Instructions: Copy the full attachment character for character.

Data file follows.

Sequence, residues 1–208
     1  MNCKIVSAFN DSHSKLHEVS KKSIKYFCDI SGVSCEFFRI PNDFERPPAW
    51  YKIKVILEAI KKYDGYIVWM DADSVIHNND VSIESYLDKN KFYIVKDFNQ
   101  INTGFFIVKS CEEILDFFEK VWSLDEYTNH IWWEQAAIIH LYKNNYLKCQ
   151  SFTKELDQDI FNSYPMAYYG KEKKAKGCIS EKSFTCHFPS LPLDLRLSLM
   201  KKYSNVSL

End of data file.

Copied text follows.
Sequence, residues 1–208
     1  MNCKIVSAFN DSHSKLHEVS KKSIKYFCDI SGVSCEFFRI PNDFERPPAW
    51  YKIKVILEAI KKYDGYIVWM DADSVIHNND VSIESYLDKN KFYIVKDFNQ
   101  INTGFFIVKS CEEILDFFEK VWSLDEYTNH IWWEQAAIIH LYKNNYLKCQ
   151  SFTKELDQDI FNSYPMAYYG KEKKAKGCIS EKSFTCHFPS LPLDLRLSLM
   201  KKYSNVSL